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Arctic Wildlife

The first Arctic wildlife we saw were two Reindeer. We saw them from the bus window on our way to our hostel in Longyearbyen. We quickly discovered these sightings were not uncommon, during nearly every landing during our cruise we saw Reindeer. They were short and stocky. And we learned they are not native to Svalbard. They were brought to the islands, from other regions in the Arctic, by humans as a viable hunting option. Due to the extremely harsh winter conditions they slowly adapted into what they are today, their own subspecies of Reindeer. 

Reindeer are the only deer where both females and males have antlers. The males shed their antlers in November after the rut. The females keep their antlers until the spring, to fend off predators and protect their calves. Our guides joked that Rudolph and Santa's other helpers were obviously females since they are still antlered at Christmastime.

During the time we were there the males were losing their velvet, meaning the blood supply had been cut off and the skin on their antlers was peeling off in strips. They weren't shy, and since we saw them all over in herds of 3-20 we had several opportunities to watch them graze, nap and fight.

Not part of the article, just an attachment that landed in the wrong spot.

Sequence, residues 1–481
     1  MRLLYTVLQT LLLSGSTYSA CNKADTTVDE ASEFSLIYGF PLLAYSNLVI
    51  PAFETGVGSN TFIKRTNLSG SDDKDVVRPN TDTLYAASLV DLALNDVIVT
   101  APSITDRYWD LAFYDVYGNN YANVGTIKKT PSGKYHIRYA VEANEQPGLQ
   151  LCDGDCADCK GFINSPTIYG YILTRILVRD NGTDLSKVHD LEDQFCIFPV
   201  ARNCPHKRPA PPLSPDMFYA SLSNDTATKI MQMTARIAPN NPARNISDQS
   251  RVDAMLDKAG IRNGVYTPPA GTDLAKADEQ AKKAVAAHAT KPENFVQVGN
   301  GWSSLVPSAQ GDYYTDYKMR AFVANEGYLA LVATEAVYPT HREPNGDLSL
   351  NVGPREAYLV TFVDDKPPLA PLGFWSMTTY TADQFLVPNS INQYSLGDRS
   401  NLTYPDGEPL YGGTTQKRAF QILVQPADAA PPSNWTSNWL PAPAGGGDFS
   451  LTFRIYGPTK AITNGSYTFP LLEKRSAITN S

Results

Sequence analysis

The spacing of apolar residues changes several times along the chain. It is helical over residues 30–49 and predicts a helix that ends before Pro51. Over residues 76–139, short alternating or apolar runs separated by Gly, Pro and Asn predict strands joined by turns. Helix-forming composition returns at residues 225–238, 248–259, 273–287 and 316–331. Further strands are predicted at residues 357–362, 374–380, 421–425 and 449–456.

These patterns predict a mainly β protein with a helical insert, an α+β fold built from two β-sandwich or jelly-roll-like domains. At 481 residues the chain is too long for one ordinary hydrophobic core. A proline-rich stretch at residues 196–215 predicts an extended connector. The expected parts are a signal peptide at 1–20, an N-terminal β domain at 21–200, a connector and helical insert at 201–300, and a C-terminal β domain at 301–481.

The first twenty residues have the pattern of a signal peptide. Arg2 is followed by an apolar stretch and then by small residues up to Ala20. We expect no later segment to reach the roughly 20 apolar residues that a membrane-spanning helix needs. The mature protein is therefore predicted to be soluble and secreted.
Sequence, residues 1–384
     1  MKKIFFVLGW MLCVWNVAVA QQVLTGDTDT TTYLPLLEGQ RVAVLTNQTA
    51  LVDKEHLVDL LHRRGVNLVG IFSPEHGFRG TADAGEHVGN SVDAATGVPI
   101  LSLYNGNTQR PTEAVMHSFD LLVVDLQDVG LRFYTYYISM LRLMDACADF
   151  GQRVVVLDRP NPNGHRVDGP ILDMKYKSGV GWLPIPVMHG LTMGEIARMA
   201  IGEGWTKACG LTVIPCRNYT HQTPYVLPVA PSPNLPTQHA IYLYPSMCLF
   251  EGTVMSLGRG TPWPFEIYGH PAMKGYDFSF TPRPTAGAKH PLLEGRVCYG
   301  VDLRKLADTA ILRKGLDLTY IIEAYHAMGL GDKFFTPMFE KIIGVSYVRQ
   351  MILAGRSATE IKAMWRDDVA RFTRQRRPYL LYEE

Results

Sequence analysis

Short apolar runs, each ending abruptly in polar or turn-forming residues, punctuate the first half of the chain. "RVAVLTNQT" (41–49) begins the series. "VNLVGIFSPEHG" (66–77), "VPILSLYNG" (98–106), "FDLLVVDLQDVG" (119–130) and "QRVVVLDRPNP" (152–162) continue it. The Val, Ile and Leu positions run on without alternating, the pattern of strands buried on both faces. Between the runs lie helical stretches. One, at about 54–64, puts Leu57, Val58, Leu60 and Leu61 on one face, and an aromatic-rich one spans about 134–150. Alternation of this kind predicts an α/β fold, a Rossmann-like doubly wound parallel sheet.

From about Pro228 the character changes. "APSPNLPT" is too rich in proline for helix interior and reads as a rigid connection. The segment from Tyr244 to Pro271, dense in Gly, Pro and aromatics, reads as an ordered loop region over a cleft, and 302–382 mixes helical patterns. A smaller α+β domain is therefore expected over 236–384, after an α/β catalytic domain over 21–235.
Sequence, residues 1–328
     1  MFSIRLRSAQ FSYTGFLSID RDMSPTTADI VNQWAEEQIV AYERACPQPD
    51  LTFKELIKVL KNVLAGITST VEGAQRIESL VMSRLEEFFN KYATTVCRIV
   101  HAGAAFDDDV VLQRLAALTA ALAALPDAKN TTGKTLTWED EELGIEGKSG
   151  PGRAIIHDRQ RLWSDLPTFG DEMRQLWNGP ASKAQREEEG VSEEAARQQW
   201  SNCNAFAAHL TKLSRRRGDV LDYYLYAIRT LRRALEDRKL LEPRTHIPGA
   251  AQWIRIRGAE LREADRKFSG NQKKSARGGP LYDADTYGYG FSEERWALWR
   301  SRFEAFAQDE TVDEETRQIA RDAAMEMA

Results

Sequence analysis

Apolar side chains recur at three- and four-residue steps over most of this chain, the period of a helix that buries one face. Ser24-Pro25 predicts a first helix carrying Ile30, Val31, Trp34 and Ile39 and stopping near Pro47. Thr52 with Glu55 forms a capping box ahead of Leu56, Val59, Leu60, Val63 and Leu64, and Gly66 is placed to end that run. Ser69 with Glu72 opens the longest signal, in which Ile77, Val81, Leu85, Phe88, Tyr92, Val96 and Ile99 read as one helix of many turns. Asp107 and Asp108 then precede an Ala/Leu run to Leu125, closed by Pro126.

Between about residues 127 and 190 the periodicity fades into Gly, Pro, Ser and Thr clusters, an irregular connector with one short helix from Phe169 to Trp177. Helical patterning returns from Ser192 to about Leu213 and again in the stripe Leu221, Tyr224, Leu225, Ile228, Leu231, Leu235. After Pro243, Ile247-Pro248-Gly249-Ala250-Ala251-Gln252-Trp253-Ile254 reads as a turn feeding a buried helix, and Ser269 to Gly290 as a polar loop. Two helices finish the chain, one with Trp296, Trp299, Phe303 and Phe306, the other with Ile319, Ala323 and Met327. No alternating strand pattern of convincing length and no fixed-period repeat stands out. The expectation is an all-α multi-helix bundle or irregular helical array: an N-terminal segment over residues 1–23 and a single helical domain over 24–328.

Reindeer sparring at Alkhornet.
Reindeer sparring at Alkhornet. (Molly Stanko)


The other large animal we saw a lot of was Walruses. These guys were a real treat! I had no idea how massive they are, males getting up to 2 tons in weight! We got to see them in the water and up close on the beaches. Because of their huge size, they are limited to where they can maneuver themselves up onto land, meaning they are commonly found on low gradient, sandy beaches. During our visit to Kapp Lee, a place Walruses were once heavily hunted, there were many Walruses waiting on the beach for us. It was fascinating watching them wallow around in the shallow water, occasionally stabbing at each other with their tusks.

A herd of Walrus at Kapp Lee.
A herd of Walrus at Kapp Lee. (Molly Stanko)
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The other location where we saw a literal "pile" of Walruses was at Kapp Waldburg. We approached the herd of nearly 50, who were sunning themselves and napping on the beach, very slowly as one group. I was actually quite impressed at how quiet a group of people can be with a little incentive. We watched one walrus use rolling as a means of transportation as he made his way into the water. 

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